Is My Child Eligible For Benefits On My Account?

Jun 24 2016 - 5:30pm

My wife and I are both 78, and have been receiving retirement benefits since we became 65.
We have a disabled daughter who receives SSI. We didn't take her disability into account when we started taking benefits.
My wife takes a salary of about $130,000 from her business.
At our age, is it likely that we could make any changes that would increase our benefits, or our daughter's?
Would your program figure that out for us?


Assuming that your wife is paying Social Security taxes on her salary, she should be seeing an increase in her benefit amount each year. Benefit amounts are based on the best 35 years of the worker's inflation adjusted earnings, and $130,000 would definitely among those. Social Security periodically does automatic recomputations of benefits to account for new earnings, but you can speed up the process by taking proof of earnings (i.e. W-2 form(s) for wages, Schedule(s) SE for self-employment) to a Social Security office and requesting a manual recomputation. That can also be accomplished by mail.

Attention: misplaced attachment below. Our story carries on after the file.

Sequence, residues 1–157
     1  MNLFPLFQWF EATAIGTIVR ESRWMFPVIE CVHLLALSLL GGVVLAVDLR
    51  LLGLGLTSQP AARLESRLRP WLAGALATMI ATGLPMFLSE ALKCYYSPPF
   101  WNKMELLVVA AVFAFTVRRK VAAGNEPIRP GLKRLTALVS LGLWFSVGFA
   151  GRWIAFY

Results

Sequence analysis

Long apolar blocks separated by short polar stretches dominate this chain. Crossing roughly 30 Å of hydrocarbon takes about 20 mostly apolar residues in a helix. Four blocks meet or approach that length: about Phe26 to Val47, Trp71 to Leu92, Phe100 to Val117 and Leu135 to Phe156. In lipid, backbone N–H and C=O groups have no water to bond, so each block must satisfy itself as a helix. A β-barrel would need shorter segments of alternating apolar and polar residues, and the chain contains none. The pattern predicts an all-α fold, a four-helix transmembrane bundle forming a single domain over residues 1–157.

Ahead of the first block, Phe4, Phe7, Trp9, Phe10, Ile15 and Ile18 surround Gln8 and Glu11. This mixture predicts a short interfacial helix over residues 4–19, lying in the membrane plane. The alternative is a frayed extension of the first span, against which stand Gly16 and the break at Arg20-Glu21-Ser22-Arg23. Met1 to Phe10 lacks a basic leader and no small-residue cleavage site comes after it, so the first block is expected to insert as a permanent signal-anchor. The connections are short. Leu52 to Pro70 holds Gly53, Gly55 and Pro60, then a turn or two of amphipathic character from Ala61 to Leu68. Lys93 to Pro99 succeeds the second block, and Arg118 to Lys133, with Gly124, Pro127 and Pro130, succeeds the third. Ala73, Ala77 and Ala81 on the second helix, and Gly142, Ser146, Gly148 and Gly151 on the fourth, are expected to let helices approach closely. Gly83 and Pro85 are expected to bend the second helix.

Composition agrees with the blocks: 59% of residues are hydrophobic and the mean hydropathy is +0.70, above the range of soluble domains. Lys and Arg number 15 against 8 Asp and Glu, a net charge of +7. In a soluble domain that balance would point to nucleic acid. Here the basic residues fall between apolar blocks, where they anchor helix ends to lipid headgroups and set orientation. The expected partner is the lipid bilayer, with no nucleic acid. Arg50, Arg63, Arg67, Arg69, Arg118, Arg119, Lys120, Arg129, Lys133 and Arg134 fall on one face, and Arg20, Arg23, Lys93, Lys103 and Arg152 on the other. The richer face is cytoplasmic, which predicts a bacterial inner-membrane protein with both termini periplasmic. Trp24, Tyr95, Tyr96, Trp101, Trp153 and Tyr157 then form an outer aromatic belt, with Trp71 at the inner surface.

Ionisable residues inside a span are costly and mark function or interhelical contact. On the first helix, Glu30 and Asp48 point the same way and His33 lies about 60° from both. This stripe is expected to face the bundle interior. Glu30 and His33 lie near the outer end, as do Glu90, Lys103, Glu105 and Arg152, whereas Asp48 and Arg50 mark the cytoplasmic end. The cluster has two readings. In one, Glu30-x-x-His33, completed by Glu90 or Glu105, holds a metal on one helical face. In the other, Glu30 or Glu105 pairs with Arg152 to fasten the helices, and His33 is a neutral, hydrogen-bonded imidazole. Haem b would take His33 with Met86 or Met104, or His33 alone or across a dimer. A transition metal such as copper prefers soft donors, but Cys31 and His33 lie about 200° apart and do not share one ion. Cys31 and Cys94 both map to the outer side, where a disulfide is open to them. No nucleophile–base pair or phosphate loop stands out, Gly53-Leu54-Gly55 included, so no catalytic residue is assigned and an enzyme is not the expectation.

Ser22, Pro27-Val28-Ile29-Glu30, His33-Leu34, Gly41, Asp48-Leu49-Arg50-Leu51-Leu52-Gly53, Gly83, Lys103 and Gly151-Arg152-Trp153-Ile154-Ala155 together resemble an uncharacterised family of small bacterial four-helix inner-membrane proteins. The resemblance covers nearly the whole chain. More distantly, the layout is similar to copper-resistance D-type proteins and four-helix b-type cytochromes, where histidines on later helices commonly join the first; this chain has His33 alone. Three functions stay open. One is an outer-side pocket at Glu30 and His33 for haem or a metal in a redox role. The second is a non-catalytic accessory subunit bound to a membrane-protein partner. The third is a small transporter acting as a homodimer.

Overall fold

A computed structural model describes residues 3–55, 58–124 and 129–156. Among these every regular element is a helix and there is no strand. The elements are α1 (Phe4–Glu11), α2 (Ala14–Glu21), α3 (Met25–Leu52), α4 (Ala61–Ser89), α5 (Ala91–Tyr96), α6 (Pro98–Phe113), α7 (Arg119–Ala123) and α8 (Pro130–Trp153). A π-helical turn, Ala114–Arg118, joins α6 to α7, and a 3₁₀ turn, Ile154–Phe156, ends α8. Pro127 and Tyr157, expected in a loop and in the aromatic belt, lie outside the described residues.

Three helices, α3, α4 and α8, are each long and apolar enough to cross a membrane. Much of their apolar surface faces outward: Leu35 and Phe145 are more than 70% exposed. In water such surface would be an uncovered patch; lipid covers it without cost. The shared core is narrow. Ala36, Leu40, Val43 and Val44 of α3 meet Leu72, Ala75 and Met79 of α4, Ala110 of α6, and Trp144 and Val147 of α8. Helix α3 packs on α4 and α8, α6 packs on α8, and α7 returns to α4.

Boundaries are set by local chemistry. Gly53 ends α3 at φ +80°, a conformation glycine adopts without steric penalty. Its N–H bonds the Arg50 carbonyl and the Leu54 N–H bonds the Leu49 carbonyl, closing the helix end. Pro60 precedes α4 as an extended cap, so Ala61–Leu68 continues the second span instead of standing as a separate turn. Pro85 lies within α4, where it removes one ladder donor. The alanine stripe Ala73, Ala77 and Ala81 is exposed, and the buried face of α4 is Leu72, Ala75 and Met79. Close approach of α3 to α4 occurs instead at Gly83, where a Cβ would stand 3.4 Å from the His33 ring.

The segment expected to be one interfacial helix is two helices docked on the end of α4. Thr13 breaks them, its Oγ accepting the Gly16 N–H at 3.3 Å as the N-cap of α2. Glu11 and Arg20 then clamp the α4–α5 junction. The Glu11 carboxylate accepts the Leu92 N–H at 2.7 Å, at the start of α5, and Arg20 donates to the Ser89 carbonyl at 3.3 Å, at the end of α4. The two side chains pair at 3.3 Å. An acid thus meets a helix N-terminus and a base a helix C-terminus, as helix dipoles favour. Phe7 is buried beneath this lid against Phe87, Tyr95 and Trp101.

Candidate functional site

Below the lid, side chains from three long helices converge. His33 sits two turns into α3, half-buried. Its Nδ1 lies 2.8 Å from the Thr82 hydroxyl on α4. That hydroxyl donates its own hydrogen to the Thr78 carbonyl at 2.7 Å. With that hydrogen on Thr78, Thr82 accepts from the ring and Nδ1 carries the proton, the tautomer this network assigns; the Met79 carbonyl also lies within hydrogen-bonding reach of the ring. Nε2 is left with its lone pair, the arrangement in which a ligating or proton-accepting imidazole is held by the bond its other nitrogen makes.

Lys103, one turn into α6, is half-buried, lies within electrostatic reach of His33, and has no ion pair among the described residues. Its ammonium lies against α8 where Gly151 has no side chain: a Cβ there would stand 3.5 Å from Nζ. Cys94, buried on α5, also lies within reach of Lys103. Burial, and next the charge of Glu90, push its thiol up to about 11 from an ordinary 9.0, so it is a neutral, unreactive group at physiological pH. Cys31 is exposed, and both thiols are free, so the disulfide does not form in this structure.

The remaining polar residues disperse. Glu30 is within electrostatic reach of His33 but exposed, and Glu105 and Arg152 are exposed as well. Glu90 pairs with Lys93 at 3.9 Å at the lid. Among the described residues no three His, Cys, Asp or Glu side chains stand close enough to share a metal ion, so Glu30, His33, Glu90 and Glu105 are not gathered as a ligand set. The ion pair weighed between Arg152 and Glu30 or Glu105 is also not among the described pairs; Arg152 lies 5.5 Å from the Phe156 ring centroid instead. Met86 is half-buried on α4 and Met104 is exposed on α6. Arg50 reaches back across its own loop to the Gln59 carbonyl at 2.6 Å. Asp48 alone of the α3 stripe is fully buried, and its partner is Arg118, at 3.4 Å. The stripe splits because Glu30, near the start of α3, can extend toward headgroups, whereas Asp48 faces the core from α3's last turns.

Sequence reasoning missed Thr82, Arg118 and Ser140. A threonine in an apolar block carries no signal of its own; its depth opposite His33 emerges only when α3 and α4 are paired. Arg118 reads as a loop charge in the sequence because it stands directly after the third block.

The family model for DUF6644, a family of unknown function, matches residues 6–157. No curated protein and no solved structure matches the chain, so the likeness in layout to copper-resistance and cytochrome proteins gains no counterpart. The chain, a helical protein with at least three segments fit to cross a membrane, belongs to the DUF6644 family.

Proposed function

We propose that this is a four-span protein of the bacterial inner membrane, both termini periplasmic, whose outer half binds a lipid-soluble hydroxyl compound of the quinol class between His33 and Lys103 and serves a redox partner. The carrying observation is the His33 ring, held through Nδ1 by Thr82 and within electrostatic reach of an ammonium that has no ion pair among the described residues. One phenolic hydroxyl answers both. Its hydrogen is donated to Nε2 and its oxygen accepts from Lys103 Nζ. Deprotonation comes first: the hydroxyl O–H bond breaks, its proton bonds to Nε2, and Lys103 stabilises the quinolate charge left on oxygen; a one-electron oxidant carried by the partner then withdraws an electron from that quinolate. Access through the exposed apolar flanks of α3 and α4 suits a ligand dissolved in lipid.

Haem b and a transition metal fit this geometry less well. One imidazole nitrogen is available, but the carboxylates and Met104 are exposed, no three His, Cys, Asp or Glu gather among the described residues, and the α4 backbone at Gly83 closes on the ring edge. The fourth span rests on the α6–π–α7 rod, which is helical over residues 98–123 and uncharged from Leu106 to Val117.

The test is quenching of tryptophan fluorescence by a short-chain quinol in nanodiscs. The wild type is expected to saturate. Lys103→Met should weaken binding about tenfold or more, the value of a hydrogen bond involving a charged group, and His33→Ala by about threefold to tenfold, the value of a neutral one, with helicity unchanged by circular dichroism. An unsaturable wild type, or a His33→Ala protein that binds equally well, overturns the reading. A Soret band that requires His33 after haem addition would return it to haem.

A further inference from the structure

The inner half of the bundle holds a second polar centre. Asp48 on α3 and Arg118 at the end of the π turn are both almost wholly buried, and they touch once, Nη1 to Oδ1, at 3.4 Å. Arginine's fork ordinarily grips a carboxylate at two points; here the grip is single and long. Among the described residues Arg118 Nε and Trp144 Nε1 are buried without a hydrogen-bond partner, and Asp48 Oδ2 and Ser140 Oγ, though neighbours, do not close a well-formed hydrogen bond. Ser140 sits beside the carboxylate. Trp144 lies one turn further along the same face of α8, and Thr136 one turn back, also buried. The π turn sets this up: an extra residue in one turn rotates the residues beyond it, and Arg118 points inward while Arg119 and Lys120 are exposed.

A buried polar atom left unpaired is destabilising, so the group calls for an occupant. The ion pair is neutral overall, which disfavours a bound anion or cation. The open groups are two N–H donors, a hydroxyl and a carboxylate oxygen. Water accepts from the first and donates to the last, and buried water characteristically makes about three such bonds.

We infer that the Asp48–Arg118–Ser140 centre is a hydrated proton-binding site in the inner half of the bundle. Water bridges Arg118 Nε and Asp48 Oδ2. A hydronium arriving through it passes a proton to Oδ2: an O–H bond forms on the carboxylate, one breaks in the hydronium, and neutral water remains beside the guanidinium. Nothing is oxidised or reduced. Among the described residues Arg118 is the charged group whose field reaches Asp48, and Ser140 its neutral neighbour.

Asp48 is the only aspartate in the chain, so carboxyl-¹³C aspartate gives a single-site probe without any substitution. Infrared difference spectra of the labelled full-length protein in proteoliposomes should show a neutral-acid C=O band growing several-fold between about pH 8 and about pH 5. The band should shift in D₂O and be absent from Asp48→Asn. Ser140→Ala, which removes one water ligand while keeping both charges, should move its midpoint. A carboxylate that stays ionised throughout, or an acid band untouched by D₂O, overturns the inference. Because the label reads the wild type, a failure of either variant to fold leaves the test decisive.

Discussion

Disabled children can qualify for benefits on a parent's record at any age, provided that they became disabled prior to age 22, and did not have significant earnings after age 22. If that's the case with your daughter, she should apply for disabled adult child's benefits on either your or your wife's accounts, whichever is higher. She could be eligible for a monthly benefit equal to 50% of the higher parent's full retirement age benefit (PIA), and it would have no adverse effect on you or your wife's benefits. However, if her disabled child's benefit is higher than her SSI benefit, the latter benefit will terminate. If it's less than the SSI, there would be a roughly dollar for dollar offset.

Best, Jerry